Our last Kick-About together was characterised by a whirl of ingenuity, with our community of artists reaching for ad-hoc materials and digging out old tools by which to produce their ‘new works in a short time’. With Jean-Michel Basquiat’s paintings as this edition’s start-point, the range of work is no less inventive, and in common with Basquiat’s Untitled (1981), offers up an intriguing x-ray of the creative mind.


Graeme Daly

“Some expressionistic ramblings for this Basquiat prompt, feeling very much cathartic and automatic. I am sure there’s some hidden meanings in there somewhere!”


@graemedalyart / vimeo.com/graemedaly / linkedin.com/in/graeme-daly / twitter.com/Graeme_Daly / gentlegiant.blog


Francesca Maxwell

“I always find Basquiat fascinating, mostly because I cannot paint like him, so it is a sort of magic to me.  To try and paint something inspired by him was a challenge, and, at the same time, it gave me a sense of freedom I haven’t felt in my creative endeavours for a while.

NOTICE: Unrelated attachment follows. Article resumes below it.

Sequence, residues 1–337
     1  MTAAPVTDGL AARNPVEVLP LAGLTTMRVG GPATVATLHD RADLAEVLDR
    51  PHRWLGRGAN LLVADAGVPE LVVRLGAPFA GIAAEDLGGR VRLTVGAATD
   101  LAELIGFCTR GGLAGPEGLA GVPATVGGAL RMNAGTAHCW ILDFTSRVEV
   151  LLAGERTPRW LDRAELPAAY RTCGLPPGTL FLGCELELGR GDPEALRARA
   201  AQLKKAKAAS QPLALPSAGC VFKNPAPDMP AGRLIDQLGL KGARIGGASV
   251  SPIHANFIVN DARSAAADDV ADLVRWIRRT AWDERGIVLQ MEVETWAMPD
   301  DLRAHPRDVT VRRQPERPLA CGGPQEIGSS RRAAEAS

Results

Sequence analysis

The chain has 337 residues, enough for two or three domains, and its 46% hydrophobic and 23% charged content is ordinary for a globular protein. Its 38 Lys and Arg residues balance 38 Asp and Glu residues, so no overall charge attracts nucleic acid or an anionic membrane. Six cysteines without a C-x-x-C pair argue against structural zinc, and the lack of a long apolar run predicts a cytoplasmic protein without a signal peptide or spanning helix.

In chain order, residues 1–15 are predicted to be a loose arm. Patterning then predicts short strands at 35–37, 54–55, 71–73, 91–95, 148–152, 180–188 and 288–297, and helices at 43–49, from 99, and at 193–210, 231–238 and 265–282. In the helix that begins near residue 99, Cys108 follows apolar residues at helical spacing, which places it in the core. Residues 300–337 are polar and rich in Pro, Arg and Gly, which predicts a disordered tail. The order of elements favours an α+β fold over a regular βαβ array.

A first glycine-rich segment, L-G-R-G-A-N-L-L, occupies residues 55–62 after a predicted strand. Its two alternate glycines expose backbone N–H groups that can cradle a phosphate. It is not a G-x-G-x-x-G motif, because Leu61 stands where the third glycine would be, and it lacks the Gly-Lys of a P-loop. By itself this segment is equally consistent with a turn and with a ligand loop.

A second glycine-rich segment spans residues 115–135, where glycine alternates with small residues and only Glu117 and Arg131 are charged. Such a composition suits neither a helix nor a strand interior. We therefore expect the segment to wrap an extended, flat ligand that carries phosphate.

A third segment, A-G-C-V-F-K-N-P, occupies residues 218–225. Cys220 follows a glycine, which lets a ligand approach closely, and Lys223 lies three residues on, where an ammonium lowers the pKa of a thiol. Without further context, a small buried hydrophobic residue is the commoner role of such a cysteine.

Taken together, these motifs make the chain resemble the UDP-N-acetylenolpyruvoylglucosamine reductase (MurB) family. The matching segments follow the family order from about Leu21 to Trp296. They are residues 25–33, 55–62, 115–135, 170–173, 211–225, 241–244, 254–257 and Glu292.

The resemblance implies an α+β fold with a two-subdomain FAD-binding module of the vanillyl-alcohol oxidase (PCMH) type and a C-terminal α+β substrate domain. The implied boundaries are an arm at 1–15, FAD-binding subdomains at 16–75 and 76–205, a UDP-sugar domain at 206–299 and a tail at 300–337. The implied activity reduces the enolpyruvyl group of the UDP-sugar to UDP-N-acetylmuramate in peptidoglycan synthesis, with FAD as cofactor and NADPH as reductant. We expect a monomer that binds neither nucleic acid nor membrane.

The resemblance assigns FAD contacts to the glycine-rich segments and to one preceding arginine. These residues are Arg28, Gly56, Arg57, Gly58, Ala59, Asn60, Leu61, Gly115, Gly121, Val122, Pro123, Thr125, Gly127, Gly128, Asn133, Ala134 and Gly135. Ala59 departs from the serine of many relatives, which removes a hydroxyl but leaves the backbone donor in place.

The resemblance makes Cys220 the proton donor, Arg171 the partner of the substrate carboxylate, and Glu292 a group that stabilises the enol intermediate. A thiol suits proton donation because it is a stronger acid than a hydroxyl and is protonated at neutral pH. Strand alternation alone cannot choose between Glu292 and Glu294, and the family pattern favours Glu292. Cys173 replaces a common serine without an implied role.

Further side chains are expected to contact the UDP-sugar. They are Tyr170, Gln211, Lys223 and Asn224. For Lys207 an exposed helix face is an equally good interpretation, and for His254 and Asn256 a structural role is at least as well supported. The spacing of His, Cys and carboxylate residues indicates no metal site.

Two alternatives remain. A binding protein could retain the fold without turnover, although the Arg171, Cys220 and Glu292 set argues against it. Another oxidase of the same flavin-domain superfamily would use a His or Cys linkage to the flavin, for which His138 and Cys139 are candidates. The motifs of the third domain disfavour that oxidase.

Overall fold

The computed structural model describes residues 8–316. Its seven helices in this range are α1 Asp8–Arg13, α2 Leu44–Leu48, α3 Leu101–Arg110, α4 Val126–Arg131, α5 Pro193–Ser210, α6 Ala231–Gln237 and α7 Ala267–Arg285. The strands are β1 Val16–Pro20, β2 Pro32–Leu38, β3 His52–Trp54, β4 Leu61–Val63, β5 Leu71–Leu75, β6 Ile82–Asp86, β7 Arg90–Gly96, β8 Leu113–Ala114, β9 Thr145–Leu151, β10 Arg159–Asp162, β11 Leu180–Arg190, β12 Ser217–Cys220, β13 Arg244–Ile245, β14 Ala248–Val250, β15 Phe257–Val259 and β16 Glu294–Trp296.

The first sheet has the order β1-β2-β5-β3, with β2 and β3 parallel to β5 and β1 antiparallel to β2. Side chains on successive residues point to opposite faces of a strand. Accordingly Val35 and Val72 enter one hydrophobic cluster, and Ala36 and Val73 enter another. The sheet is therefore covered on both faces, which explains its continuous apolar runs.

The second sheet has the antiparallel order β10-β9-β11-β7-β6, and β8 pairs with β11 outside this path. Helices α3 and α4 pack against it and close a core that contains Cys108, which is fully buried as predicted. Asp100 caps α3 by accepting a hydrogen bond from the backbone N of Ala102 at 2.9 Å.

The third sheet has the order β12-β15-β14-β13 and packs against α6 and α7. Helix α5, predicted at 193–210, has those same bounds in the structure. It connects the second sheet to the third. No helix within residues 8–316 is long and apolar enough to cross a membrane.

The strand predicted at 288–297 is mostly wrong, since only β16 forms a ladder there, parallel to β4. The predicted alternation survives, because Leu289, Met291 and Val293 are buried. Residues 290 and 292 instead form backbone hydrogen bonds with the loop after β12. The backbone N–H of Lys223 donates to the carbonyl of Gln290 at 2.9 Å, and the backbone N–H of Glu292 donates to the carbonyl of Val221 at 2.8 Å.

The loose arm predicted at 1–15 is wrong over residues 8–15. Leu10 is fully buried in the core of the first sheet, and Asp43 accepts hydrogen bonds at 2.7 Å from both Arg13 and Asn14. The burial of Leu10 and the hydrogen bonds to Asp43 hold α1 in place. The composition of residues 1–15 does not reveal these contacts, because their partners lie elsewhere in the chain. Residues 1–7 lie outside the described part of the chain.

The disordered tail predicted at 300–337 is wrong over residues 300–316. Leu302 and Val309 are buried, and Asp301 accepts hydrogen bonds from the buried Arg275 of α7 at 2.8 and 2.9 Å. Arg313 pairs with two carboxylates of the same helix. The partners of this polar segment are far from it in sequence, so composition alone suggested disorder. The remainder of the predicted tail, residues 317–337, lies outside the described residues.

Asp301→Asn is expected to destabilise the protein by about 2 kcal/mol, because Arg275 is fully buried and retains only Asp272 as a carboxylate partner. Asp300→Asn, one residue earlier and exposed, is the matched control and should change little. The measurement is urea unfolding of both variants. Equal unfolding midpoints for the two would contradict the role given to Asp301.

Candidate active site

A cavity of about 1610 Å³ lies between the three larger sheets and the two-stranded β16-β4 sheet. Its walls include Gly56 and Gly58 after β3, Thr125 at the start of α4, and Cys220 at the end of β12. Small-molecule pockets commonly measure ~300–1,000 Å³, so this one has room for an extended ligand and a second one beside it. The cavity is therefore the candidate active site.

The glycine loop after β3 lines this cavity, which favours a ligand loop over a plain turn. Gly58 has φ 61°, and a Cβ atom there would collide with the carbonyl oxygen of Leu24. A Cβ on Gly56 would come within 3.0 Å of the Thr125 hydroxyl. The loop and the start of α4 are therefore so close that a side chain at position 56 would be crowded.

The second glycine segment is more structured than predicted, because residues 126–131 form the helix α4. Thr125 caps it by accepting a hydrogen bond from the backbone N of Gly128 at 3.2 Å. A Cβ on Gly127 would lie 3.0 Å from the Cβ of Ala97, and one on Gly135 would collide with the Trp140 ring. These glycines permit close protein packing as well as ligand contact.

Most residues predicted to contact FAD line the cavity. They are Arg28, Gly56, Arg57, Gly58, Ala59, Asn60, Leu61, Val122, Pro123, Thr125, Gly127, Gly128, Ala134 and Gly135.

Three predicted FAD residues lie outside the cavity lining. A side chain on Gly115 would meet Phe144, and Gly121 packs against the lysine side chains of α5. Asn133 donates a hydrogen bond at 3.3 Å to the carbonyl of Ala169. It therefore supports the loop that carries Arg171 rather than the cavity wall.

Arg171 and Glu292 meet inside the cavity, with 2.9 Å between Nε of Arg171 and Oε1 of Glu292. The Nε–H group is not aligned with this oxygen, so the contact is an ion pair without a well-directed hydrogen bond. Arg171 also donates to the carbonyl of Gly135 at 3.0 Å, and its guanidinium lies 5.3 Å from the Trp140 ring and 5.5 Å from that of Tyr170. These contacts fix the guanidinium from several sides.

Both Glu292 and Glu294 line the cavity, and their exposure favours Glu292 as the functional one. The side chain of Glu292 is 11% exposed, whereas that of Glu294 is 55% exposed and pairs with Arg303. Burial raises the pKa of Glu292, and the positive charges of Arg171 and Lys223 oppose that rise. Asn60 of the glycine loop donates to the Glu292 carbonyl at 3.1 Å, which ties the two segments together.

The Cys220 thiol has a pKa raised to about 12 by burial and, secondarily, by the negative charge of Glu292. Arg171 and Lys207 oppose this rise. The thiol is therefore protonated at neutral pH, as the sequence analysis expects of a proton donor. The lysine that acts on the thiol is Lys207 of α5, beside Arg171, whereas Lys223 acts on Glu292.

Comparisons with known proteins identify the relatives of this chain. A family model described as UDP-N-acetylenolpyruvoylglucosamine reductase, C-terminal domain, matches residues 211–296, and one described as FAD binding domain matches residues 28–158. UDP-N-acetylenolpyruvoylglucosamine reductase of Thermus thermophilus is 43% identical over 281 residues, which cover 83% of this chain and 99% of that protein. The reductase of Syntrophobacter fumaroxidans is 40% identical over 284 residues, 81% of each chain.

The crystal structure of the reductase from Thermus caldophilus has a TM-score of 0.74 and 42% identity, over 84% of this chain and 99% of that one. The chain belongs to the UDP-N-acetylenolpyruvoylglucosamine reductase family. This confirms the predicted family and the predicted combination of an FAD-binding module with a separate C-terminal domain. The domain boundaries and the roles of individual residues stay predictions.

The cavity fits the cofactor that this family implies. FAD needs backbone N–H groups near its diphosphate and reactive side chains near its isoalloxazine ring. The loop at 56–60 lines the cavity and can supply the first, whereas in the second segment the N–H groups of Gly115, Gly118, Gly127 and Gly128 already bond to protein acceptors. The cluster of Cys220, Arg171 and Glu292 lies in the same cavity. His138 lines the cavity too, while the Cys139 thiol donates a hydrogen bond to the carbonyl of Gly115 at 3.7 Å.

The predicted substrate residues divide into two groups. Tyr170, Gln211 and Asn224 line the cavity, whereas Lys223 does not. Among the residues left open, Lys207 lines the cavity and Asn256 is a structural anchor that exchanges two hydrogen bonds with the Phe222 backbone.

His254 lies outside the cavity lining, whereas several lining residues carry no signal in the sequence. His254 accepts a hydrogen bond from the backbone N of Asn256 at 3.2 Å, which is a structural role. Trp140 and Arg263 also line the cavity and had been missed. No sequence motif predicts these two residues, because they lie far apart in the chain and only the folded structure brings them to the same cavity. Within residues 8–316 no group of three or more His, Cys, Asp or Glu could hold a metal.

In the last few months I had a painting in my head which I couldn’t express. I had heart surgery to remove a tumour and wanted to paint the experience somehow, and Basquiat’s rich and symbolic, and, at the same time, innocent style seemed to be a good way. So this is painting over an old painting, multi layered and using different techniques.” “To My Heart’s Content” Inks, acrylic and crayons on paper. 76×56 cm.


www.FBM.me.uk


Kerfe Roig

“Skulls are ubiquitous in the work of Basquiat. He’s also famous for using whatever material he had at hand–newspaper, cardboard, a refrigerator, a door.  I’ve been meaning to revive my Headline Haiku series, that I did when Nina and I started the blog, using the news in the newspaper to collage or stitch or draw on and words from the accompanying articles for haiku-like poems.  In the past I’ve cut out actual headlines, or fed text into an online poetry generator, but in this case I did blackout poems from the news stories.